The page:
INDUSTRIAL RELATIONS ACTS, 1946 TO 1990
SECTION 26(1), INDUSTRIAL RELATIONS ACT, 1990
IRISH DISTILLERS LIMITED
- AND -
SERVICES INDUSTRIAL PROFESSIONAL TECHNICAL UNION
Chairman: Mr Duffy
Employer Member: Mr Keogh
Worker Member: Mr O'Neill
1. Sick Pay Scheme.
2. The claim for improvement to the sick pay scheme for general operatives has been ongoing for some time. The Union states that the current scheme is totally out of line with what one could expect from a multi-national company. It claims that the Company had proposed a new sick pay scheme which the Union believes would be broadly acceptable to the members. However, in return the Company is seeking to eliminate cash payments and to replace them by electronic credit transfer (ECT). The proposal was rejected by the members.
The Company argues that the present system of payment is outmoded and cumbersome to operate. All other groups in the Company and most outside it now operate the ECT system.
As no agreement was possible between the parties the dispute was referred to the Conciliation Service of the Labour Relations Commission. A conciliation conference was held on the 4th of December, 1998 but no agreement was reached. The dispute was referred to the Labour Court on the 21st of December, 1998 under Section 26 (1) of the Industrial Relations Act, 1990. The Court investigated the dispute on the 23rd of February, 1999.
3. 1. Empolyees who are paid in cash are entitled to that type of payment system and have no wish to change to a credit transfer system.
2. While the new proposed sick pay scheme is acceptable it should not be contingent on the acceptance of ECT.
3. Cashless pay is a very emotive issue for a lot of workers. Members like the comfort factor of receiving a pay packet each week.
4. If cashless pay is to be addressed as an issue, it should be tabled by management and dealt with in its own right.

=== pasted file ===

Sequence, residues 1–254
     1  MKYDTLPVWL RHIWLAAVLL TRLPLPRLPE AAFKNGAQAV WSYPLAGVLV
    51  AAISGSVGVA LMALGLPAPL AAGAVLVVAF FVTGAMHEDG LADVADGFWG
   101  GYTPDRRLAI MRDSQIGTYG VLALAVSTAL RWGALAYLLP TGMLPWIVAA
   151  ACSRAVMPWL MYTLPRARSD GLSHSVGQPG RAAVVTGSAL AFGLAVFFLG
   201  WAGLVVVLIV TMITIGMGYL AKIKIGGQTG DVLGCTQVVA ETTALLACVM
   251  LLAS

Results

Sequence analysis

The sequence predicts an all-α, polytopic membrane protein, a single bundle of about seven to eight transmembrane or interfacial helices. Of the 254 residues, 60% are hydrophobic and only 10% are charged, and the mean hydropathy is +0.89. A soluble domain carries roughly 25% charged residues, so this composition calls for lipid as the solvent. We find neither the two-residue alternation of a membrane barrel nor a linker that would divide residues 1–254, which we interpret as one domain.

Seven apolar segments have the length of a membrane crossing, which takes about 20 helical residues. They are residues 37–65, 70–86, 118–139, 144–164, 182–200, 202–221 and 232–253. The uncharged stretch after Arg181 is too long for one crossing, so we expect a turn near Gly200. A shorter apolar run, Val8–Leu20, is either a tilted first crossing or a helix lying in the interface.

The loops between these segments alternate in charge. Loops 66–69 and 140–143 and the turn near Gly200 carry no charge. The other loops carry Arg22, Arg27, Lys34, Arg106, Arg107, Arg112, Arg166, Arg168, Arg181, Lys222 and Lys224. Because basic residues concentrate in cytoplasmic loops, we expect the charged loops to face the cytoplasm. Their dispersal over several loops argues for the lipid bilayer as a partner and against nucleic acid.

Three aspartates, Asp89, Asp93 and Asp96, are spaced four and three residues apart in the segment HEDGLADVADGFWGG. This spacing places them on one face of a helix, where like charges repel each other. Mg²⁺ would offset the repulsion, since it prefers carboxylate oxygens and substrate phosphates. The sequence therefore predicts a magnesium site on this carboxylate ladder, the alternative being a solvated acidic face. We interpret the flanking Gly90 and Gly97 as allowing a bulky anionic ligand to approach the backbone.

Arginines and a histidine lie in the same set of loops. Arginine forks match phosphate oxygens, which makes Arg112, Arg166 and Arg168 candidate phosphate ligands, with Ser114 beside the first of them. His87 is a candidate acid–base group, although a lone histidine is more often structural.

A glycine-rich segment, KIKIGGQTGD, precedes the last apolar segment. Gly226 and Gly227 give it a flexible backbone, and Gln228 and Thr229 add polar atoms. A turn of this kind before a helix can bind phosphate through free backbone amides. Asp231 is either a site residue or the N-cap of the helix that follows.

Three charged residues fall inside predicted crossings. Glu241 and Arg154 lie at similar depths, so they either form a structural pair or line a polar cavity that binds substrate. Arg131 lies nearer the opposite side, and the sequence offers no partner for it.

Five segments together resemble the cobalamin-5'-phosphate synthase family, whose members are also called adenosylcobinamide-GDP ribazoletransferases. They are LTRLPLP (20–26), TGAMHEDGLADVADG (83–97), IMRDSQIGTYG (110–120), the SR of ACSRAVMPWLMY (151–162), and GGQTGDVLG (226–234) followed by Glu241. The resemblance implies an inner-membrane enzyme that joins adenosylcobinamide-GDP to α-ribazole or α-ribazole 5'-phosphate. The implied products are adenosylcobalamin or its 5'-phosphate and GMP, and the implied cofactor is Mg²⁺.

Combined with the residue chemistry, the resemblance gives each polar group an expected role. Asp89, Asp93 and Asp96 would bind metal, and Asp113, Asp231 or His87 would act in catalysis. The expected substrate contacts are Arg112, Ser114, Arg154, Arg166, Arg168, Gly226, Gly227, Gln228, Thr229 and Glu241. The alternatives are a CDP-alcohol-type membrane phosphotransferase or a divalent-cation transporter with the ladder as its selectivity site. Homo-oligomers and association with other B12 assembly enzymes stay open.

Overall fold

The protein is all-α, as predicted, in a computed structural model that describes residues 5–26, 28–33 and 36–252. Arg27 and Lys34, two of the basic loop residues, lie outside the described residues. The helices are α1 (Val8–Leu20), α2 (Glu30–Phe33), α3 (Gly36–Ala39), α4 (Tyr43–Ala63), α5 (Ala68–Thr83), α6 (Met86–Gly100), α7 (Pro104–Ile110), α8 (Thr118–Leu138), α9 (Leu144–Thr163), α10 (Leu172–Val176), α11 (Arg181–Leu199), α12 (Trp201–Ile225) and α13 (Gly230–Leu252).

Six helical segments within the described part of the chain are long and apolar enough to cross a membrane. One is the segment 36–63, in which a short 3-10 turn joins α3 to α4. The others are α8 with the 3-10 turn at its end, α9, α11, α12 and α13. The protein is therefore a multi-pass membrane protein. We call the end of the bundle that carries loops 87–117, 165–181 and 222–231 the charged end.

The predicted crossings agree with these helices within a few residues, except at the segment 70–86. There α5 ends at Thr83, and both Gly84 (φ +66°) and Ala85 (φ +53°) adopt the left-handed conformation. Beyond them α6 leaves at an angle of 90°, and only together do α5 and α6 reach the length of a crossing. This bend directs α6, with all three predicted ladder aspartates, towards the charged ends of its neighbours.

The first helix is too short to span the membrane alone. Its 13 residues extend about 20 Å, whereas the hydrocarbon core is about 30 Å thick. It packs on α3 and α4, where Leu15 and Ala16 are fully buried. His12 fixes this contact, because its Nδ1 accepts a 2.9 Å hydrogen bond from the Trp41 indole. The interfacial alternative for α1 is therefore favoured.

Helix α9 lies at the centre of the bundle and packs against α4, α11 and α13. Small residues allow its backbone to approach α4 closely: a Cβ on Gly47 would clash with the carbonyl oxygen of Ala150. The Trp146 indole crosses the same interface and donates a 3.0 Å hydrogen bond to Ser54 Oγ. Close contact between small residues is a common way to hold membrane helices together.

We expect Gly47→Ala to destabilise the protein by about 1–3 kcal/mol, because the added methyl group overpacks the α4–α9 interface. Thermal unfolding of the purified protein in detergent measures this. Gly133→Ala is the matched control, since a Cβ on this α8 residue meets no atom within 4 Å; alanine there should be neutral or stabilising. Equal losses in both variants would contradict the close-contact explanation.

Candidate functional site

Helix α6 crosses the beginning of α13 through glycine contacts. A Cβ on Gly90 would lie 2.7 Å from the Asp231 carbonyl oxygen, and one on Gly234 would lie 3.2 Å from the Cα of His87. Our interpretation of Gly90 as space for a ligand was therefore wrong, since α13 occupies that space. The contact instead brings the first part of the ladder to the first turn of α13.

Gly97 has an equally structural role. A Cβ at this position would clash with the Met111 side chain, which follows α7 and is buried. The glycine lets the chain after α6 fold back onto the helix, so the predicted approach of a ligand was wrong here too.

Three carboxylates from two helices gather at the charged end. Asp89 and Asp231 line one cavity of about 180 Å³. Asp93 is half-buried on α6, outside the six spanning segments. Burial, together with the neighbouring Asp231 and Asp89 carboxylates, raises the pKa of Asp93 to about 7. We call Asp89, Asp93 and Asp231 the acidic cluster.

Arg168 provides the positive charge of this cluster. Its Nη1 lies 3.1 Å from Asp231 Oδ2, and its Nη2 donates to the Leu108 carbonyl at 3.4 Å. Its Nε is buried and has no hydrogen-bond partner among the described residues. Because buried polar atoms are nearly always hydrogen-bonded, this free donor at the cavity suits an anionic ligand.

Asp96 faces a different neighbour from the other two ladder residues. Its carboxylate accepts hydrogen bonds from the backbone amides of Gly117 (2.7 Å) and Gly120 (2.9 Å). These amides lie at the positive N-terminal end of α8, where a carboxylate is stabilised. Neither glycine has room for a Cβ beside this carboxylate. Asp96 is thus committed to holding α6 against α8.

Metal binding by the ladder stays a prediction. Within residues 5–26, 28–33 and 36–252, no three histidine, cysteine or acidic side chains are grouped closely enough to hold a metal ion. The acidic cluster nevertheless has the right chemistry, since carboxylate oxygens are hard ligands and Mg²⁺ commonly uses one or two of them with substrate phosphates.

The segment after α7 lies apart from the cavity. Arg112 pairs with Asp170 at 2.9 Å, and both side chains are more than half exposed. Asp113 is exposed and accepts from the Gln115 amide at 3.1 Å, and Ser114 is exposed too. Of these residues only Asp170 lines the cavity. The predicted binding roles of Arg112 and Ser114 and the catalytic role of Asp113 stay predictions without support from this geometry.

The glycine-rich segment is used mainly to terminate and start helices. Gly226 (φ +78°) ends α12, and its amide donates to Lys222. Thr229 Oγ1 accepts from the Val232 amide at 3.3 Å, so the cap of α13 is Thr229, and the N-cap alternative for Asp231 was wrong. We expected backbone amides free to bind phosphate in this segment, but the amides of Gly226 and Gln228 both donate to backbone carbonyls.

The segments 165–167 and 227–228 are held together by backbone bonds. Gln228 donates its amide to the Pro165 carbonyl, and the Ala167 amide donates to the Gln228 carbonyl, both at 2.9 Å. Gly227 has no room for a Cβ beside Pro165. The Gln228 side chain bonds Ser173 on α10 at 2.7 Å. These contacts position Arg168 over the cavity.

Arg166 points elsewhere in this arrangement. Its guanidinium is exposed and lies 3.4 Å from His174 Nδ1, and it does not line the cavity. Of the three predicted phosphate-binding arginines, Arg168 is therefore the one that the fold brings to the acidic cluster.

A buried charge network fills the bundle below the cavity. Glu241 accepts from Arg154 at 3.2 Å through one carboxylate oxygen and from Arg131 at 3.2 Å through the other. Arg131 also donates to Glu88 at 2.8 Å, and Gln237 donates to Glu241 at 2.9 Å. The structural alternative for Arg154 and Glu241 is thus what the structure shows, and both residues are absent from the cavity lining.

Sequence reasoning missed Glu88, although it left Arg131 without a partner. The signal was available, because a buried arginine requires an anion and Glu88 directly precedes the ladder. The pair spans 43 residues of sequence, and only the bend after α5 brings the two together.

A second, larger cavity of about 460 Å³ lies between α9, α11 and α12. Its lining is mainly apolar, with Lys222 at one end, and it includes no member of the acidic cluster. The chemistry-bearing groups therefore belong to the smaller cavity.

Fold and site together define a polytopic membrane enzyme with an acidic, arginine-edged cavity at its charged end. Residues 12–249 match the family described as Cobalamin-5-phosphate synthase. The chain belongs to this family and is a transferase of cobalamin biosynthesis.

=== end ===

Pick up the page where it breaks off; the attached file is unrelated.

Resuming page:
4. 1. The revised sick pay scheme proposed by the Company was accepted by the Union but rejected by the members.
2. The current system of cash payment is outdated and cumbersome to operate.
3. There is a high security risk to both employees and the Company's premises in relation to cash payments.
4. All new employees are paid under the ECT system.
It is clear that the Company put forward its proposals for a revised sick pay scheme on the basis of a reciprocal concession by the Union on the introduction of a cashless pay system. In these circumstances the Court does not consider it reasonable to separate the issues at this stage.
Having considered the submissions of the parties, the Court recommends that the Company's proposal for a revised sick pay scheme be agreed and implemented. The Court also recommends that the Company's proposal on electronic credit transfer be accepted by the Union and that on implementation of the new arrangements each employee affected should be paid a once-off lump sum of £200.
The Court notes the Company's assurance that it will provide advice and assistance to employees, requiring such advice and assistance, with regard to the use of banking facilities, including opening new back accounts, so as to minimise inconvenience caused by the new arrangements.
Signed on behalf of the Labour Court
1st March, 1999______________________
Enquiries concerning this Recommendation should be addressed to Larry Wisely, Court Secretary.